But there are clouds hanging over the industry, and they are low enough to the ground to obscure the Twin Spires of Churchill Downs. According to a joint survey conducted by ESPN and the National Thoroughbred Racing Association, 35 percent of sports fans 18 years and older acknowledge an interest in horse racing, continuing a modest gain first tracked three years ago.
That said, two-thirds of racing fans are at least 35, and more attention is paid by those who are 65 and over (10.9 percent) than those who are between the ages of 18 and 24 (10.5 percent.)
Well, let's see: Too much dead time between races. The stars of the show aren't associated with shoes that sell over the counter for $129. There are no mascots performing back-flip dunks off trampolines.
And what's with that 15th century trumpet music?
Racing needs a shot of new blood, somebody who can appeal to a young audience. It needs, quite simply, Tyler Baze.
He won't turn 21 until October, but he looks as though he'd need to be accompanied by an adult to watch any movie not created by the animation department at Walt Disney Studios. Baze is supremely confident and yet a little bit star-struck, polished and yet willing to improve.
He is brave and vulnerable and hungry and ready, which is to say as ready as a 20-year-old could ever really be to take the reins of a horse before 150,000 spectators while hearing a college marching band perform "My Old Kentucky Home."
The early favorite Saturday is Empire Maker, the New York-bred colt trained by Bobby Frankel. The cult choice is Ten Most Wanted, whose Beyer speed figures are nearly identical to those of Empire Maker but who presumes to return much more at the window.
But the best potential advertisement for a next generation of racing fans might be Bob Baffert's Indian Express, ridden by Tyler Baze - a kid other kids can relate to. And you know what? He's a native son, latest in a Baze family dynasty in Washington that has produced jockeys the way the Bushes produce politicians, the Barrymores produce actors and the Boones produce baseball players.
Tyler Baze grew up on a farm in Graham. His father Earl, a former jockey, does the difficult, dangerous work of ushering jittery thoroughbreds into the starters' gate at Emerald Downs. His mother, Cammie, also was a jockey.
Great uncle Joe Baze led his first Longacres meet as a 16-year old in 1950. Uncle Gary Baze, the most successful rider in Longacres history, is married to the former Vicky Aragon, the most successful local female rider. Second cousin Russell Baze is a Hall-of-Famer who has won several Eclipse Awards.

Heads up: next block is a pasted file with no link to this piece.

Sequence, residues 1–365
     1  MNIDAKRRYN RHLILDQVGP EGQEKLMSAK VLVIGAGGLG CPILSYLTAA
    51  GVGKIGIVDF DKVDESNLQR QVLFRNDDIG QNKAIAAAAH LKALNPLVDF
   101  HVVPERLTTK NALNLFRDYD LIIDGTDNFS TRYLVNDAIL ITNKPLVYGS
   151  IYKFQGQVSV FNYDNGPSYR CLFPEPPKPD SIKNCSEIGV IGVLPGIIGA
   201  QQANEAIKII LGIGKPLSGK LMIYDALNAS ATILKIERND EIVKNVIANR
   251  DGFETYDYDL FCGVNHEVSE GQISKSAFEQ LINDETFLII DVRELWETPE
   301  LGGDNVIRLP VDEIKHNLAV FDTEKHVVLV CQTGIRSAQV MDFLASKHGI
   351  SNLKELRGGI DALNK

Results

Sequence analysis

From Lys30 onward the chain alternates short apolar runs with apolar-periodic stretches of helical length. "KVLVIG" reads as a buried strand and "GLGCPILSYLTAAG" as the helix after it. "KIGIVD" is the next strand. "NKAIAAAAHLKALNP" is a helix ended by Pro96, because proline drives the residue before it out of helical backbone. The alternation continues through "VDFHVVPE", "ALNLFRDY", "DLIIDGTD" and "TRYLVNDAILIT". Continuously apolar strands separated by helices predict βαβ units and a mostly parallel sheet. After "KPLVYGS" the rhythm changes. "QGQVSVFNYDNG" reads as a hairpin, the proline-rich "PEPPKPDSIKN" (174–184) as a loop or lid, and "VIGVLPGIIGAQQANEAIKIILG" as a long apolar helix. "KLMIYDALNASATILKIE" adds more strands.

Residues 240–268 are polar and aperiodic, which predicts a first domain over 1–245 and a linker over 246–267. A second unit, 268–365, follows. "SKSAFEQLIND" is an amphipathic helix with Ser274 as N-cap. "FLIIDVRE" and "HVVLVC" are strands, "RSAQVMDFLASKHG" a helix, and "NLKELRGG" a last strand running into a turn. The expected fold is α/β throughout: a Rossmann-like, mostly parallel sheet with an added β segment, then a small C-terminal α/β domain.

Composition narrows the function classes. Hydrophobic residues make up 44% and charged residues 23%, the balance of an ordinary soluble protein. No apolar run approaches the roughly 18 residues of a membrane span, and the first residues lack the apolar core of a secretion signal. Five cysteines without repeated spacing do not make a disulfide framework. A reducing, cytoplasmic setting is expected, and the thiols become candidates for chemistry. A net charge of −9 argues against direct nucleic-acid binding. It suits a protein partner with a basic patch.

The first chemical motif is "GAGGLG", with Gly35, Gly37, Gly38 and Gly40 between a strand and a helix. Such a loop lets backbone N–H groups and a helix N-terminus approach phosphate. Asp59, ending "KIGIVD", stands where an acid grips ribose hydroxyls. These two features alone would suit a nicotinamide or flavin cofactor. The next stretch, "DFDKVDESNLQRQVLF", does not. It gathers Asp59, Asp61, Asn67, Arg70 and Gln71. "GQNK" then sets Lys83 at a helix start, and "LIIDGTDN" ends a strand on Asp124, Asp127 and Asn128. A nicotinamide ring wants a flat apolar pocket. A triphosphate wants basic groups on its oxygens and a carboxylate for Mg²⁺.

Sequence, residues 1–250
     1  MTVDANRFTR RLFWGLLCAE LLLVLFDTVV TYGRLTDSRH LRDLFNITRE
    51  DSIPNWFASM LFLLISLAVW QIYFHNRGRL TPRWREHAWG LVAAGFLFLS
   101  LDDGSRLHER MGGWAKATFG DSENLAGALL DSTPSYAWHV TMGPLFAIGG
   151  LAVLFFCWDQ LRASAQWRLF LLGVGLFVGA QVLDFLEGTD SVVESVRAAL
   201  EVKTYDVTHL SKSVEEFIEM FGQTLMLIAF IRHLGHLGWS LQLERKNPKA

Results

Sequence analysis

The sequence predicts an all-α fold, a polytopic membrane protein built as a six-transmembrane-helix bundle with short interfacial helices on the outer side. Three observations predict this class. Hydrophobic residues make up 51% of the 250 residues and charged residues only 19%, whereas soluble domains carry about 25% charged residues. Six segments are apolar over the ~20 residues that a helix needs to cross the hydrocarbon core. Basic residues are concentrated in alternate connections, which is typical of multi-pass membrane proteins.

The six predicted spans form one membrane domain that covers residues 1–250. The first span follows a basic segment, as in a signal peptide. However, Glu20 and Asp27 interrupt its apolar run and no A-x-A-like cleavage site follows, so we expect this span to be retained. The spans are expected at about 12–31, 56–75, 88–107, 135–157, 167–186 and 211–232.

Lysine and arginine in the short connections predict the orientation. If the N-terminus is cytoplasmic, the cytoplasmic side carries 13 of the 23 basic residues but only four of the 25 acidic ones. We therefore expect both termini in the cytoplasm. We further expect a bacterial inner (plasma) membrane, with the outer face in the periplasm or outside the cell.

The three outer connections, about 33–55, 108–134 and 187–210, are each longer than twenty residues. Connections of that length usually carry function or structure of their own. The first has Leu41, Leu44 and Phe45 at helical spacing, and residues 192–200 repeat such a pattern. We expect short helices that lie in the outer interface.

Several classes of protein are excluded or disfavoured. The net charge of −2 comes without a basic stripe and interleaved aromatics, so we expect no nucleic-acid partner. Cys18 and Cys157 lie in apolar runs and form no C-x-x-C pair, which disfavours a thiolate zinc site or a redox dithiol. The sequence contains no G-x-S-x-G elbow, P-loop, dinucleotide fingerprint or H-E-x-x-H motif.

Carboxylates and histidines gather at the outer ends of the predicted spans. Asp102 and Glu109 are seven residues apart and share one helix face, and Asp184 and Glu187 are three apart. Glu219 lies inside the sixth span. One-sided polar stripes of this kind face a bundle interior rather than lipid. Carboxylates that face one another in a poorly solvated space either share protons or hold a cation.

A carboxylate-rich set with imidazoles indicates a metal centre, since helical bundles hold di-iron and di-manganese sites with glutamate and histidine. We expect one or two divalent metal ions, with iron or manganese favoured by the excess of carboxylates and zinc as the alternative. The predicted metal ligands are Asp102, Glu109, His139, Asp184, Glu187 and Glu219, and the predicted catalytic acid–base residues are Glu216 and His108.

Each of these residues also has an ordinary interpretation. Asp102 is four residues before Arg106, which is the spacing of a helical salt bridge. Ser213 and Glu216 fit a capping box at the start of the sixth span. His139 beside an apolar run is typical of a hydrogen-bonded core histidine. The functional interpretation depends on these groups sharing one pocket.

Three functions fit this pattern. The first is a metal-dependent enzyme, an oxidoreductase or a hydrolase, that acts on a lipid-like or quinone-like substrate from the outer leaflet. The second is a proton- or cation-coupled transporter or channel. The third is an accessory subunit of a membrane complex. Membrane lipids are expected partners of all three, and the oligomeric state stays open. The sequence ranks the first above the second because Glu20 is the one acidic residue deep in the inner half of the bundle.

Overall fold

And then there is multiple Derby winner Gary Stevens, who, while not technically a Baze, is an uncle by marriage.
In a sport where monitoring blood lines is essential, Tyler Baze has the right stuff.
"Tyler has always been around animals on our farm growing up," Earl Baze once recalled. "He was hopping on the cows, jumping on the pigs, jumping on the horses. He rode anything."
Home schooled in Graham, Baze might have ridden at Emerald Downs, but the four-day-a-week schedule did not extend him the kind of opportunity to learn his craft that he found at Santa Anita, in Southern California, and Turf Paradise, in Phoenix. While kids his age were learning how to parallel park in driver's ed class, Baze was adhering to a seven-day-a-week schedule that required him to commute by jet between his homes away from home.
It was at Santa Anita where, on Halloween night 1999, Baze won his first race, riding a Washington-bred maiden named Fleeting Wonder. He was 16.
Longtime jockey agent Ivan Puhich, the uncle of trainer Mike Puhich, handled everything on the domestic front - food, room, supervision, all those minor details - enabling Baze to hone his craft against the best in the business.
When he was 17, it was a very good year: Baze won 228 races for a total of $3,836,809 in purse earnings, becoming the first West Coast jockey to win the apprentice Eclipse Award title in 25 years. He sustained the momentum as a journeyman in 2001, winning $6.5 million in purses.
And though 2002 was nowhere as fruitful as his first two seasons, Baze appreciated the kind of competition he was up against on a daily basis: Chris McCarrron. Kent Desormeaux. Eddie Delahoussaye. None weighs more than bucket of driving-range balls, but they're all heavyweights.
"It's tough on a person, mentally," Baze said last year. "But you just have to keep trying. Horses have good days and bad days, just like people. You just can never give up."
Baze didn't, and now he's been blessed with, as the song goes, "the chance of a lifetime in a lifetime of chance." Baze's chances clearly are enhanced by Baffert, familiar to casual fans for his omnipresent sunglasses and how the easy-blowing bangs of white hair could make him appear stylish in the eye of a tornado. Away from the camera, though, Baffert is as accomplished a horse-whisperer as any man alive.
The trainer was steered toward his only entry in the Derby (another Baffert hopeful, Kafwain, recently injured a tendon) by Laffit Pincay, the sport's all-time winningest rider who finally was forced to announce his retirement the other day after breaking his neck in a spill.
"He's got a rooting interest," Baffert said of Pincay. "And we're neighbors."
Between the instructions of Baffert and the rooting interest of Pincay, you might presume Tyler Baze's first run for the roses will find him a potential victim of stage fright.
But he's been preparing for this day, one way or the other, since he was 3. Who knows? He might not only win a Derby, but find himself the poster child of a sport that must attract a new audience to stay alive.
Call him Exhibit A, for an industry that skipped over Generation X. A fresh prince for the Sport of Kings.
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